“We’re remaining pretty optimistic,” DeAngelis said. “As we’re going into an even more volatile economy in the new year, I think the banks are really going to be squeezing and not really looking to put too much money out there and take any risk at all. So I think that a lot of that business is going to come our way potentially. That’s what we’re hopeful for.”

ERC And The Broker Relationship

January 11, 2023
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employee retention tax creditLike many business loan brokerage CEOs across the US, Jared Weitz is familiar with the Employee Retention Credit (ERC). His company, United Capital Source (UCS), which in 2021 surpassed $1B in small business financing volume, regularly speaks to thousands of small business owners. Weitz told deBanked that through his own experience most business owners have become sufficiently aware of the ERC as well. That in turn raises the question of what role a company like UCS can play in the ERC process.

“We have a few different referral partners that are lending against those credits,” Weitz said. “And that’s what we’re doing.”

In that regard, UCS is doing what it is already used to doing, connecting the business owner with a compatible source of funding. While other brokers may attempt to generate fees by assisting businesses with filing for the tax credits themselves, Weitz said he prefers to avoid the headache and/or potential liability that can come along with doing that.

“We’re able to get 100% of what a client is owed right up front,” Weitz said. “They can either have an interest-only program or a no-payments program for 12 months, and then after 12 months there would be a factor rate attached to the program that would be paid back weekly.”

UCS earns a commission when a deal goes through but ERC has not by any means become a primary driver of business, according to Weitz. Rather, it’s something that could come up during a customer consultation.

“When we’re peeling back the layers and chatting with the client on why they need funds, if they say ‘well, actually I’m falling short here and I also just filed for [the ERC] and I’m still waiting for that,’ it can be one of the options that we offer them […] and we’ll just see what they qualify for and if they’re interested in it.”

united capital sourceIt’s the waiting part that is creating a cottage industry around ERC. Weitz says he hasn’t heard of any business getting an ERC refund in less than 7 or 8 months and he is aware of at least one business that is still waiting for it 2 years later since filing. But just because most businesses are aware of the ERC doesn’t mean they’ve all actively pursued it. On this, UCS simply offers free helpful advice.

“What I would say to them is ‘hey, heads up, you should probably look into this with your local accountant and payroll company, make sure you get your tax attorney or your accounting firm’s attorney involved just to make sure you’re doing it the right way.'”

Putting business owners on that path of pursuit, informing them of its existence and advising them to seek out qualified counsel to assist with it, generates no revenue to UCS, but Weitz thinks it’s important to help business owners in any way possible.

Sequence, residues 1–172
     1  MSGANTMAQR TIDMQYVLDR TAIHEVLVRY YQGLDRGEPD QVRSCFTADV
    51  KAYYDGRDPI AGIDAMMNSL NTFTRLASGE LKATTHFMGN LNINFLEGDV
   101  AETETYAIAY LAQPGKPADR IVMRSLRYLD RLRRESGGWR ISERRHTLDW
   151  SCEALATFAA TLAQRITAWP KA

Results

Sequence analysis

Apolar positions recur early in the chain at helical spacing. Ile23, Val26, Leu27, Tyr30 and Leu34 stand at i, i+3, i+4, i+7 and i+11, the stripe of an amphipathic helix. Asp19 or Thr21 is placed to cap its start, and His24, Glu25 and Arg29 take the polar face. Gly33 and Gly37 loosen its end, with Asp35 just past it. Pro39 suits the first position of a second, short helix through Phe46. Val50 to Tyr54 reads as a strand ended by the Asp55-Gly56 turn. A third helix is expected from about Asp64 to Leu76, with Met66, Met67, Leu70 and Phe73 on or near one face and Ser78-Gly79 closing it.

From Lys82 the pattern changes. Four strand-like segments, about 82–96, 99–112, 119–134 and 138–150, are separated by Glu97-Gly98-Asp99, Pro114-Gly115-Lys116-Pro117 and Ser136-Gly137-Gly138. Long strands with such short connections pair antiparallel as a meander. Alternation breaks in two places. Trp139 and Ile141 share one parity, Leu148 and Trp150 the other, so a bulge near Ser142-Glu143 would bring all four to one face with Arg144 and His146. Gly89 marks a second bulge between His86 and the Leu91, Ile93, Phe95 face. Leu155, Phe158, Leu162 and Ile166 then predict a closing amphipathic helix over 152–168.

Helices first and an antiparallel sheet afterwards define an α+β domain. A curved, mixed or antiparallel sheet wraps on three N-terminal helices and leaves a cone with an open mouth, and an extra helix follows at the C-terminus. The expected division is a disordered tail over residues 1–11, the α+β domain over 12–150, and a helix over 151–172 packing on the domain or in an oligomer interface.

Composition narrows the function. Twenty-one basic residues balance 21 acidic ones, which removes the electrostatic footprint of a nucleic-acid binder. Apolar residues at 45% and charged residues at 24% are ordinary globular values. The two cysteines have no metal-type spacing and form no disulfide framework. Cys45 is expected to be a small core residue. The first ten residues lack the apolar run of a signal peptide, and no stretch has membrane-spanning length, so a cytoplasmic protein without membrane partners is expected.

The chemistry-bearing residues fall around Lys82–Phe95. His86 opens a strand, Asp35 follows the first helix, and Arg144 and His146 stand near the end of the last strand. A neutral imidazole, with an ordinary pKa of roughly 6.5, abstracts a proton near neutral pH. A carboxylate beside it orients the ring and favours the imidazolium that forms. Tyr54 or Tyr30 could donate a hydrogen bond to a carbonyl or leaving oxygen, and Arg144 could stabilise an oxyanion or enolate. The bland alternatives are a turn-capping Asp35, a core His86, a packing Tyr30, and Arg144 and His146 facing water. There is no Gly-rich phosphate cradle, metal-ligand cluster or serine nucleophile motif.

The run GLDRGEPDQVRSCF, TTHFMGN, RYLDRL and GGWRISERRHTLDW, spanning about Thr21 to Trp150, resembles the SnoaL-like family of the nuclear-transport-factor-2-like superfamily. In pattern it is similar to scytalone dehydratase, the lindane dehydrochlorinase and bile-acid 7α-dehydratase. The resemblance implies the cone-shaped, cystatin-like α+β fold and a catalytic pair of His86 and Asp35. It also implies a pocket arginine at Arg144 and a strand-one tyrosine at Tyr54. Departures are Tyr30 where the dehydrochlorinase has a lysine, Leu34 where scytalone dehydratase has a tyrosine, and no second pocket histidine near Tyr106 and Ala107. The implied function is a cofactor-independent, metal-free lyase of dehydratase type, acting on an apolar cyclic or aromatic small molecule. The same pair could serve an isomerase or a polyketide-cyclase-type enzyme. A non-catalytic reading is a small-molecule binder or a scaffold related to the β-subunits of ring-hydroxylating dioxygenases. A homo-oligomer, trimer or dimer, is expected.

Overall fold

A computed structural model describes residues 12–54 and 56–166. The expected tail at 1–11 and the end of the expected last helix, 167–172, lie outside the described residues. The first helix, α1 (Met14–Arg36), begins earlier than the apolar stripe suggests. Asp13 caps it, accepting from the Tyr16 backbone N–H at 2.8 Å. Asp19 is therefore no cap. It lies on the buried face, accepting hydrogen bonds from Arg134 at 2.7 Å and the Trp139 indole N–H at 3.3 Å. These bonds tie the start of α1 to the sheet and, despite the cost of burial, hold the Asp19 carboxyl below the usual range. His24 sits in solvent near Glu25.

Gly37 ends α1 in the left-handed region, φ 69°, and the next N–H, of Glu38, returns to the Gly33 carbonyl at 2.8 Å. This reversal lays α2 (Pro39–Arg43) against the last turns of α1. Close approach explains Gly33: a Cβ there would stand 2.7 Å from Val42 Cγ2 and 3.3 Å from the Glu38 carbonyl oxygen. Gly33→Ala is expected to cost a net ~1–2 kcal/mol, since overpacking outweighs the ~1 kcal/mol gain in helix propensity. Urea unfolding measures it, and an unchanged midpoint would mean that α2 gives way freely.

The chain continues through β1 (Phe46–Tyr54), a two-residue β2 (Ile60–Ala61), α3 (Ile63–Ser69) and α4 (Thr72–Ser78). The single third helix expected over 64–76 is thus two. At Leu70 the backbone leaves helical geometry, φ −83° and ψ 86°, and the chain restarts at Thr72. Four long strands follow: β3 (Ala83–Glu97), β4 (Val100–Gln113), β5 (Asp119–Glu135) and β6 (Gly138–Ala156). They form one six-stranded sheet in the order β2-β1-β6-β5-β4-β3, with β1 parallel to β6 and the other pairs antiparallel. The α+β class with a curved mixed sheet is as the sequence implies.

“I think it does build a bridge of trust a bit more between you and your clients because you’re showing them that you’re not solely looking at products that are beneficial to you, and you shouldn’t be doing that anyway,” Weitz said. “But I think when you’re dealing with someone there’s always that thought in their head, right? And so this has helped solidify that you’re not.”

The Next Frontier: Financing the ERC

January 11, 2023
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Finance ERC“I have never sold a product that has no daily, no weekly, or no monthly payments,” said David Goldin. That is until now, he explained, because of the Employee Retention Credit from the IRS that’s sweeping the country. Goldin’s new company, Finance ERC, that he co-founded with Newtek co-founder Jeffrey Rubin, is buying the future ERC receivables of small businesses that have filed for it. A key feature? No payments.

“You basically drop off the money, they don’t pay you out of cash flow, we get paid when the checks arrive,” Goldin said. “It’s an amazing offering.”

Goldin is no stranger to the SMB finance game. He is one of the reasons that the MCA product exists today in the United States. A documentary about it was the second most watched in all of 2022, for example. And he’s still a busy guy. One of his other businesses, Capify, finances small businesses on two continents every day.

“I’m busy in the morning with the UK and I’m busy at night with Australia, but I had a lot of free time during the day,” he said about how he was able to pursue yet another venture. “I approached Jeff and we were seeing that there was a gap in the market that the checks don’t arrive.”

The ERC, a potentially generous tax credit available to eligible businesses, has recently enjoyed greater awareness since it was included in the March 2020 CARES Act. Businesses that qualify can amend previous returns to receive a refund. Folks in the small business finance industry, already in direct communication with businesses about their financial needs, have taken notice.